Left Collectivism sprung from the same German Counter-Enlightenment roots, plus a dash of romanticism and (disgraceful) industrial working conditions. Romanticism valued passion, violence, radicalism, and revolution – morality, not so much. Deplorable (“third world”) industrial working conditions were (truly) breeding revolution. The Communists Marx and Engels thought so, and concocted their “scientific socialism” (that prophesied a Communist destiny). In 1847, the Communist League published their Communist Manifesto.
The Revolutions of 1848 would be a big letdown. They were driven by hunger (crop failures), nationalism (growing cultural and ethnic identities), and economics (growing industrialization).
The French Revolution of 1848 led to a republic and socialist experiments that quickly flopped, triggering (the usual) radical leftist uprising. (To prevent another Reign of Terror, the uprising was quickly crushed.) Frederic Bastiat blamed France’s recurring revolutions (1789, 1815, 1830, 1848) on a public deluded by leftist charlatans and their impossible promises (free stuff without taxation). He rejected the (postmodern) ideas of (totalitarian collectivist) Rousseau, (murderous) Robespierre, and (socialist) Louis Blanc: that the state constructs everything (human nature, society, and property). (This idea leads to slavery, Bastiat warned.) He argued that people, society, liberty, and property are natural institutions.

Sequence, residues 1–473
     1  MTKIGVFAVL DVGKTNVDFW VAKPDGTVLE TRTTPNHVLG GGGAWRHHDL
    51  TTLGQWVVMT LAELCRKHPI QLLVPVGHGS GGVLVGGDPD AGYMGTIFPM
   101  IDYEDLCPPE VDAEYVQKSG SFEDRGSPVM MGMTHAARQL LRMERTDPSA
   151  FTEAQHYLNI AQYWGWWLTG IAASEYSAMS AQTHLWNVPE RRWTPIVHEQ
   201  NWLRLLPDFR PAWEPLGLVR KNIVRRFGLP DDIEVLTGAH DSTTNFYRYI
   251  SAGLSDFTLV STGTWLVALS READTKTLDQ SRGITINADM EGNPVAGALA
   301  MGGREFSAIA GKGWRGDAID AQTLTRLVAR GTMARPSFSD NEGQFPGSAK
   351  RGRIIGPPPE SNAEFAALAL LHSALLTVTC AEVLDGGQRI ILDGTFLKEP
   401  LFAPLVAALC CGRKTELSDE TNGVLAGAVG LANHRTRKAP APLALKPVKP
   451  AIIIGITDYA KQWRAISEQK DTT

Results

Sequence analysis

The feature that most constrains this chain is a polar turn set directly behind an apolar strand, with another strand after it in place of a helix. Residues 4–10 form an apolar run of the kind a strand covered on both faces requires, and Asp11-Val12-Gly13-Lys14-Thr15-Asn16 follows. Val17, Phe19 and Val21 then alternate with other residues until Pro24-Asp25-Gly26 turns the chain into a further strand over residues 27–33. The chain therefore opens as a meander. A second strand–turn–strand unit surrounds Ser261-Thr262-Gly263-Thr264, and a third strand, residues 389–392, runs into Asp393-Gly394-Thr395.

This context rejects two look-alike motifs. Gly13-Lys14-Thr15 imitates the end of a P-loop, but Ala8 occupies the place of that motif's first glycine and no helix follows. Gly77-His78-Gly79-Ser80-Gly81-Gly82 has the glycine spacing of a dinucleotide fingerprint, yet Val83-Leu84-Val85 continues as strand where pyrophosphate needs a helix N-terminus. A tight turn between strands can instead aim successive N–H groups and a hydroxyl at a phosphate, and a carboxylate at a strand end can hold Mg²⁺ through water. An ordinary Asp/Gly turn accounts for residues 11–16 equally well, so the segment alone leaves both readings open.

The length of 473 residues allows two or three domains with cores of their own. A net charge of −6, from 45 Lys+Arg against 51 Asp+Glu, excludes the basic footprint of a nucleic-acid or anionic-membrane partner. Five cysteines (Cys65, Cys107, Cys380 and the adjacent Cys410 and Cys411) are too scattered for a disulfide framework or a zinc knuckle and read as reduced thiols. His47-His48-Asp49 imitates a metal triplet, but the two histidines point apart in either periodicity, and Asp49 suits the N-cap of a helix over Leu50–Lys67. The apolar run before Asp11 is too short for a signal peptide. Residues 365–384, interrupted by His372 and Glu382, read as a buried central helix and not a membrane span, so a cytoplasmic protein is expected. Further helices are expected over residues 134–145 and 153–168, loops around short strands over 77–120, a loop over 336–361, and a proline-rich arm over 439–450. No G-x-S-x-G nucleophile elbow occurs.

Marx hoped the French Revolution of 1848 was a class uprising. He was in Paris, at the time, but was focused on German revolution. (The Communists would be disappointed, as usual).
Germany was divided. There was Austria (under Emperor Ferdinand I), Prussia (under King Frederick William IV), and the German Confederation (assorted German states, under Austria). Austria and Prussia competed for German leadership.
In 1847, Prussia was already dealing with liberal revolutionaries. King Frederick William needed to borrow money to build railways (for military and economic purposes). An 1820 law compelled the King to get approval for the loan by convening the Estates of the Realm. (This was similar to how French finances compelled Louis XVI to convene the Estates General, starting the French Revolution of 1789.)